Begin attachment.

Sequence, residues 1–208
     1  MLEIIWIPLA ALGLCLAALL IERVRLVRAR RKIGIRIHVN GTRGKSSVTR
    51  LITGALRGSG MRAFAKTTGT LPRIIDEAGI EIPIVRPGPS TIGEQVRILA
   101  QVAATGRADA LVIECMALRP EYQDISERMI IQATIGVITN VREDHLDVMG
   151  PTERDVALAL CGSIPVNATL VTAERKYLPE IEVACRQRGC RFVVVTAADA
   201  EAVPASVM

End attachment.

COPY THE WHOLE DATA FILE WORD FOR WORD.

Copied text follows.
Sequence, residues 1–208
     1  MLEIIWIPLA ALGLCLAALL IERVRLVRAR RKIGIRIHVN GTRGKSSVTR
    51  LITGALRGSG MRAFAKTTGT LPRIIDEAGI EIPIVRPGPS TIGEQVRILA
   101  QVAATGRADA LVIECMALRP EYQDISERMI IQATIGVITN VREDHLDVMG
   151  PTERDVALAL CGSIPVNATL VTAERKYLPE IEVACRQRGC RFVVVTAADA
   201  EAVPASVM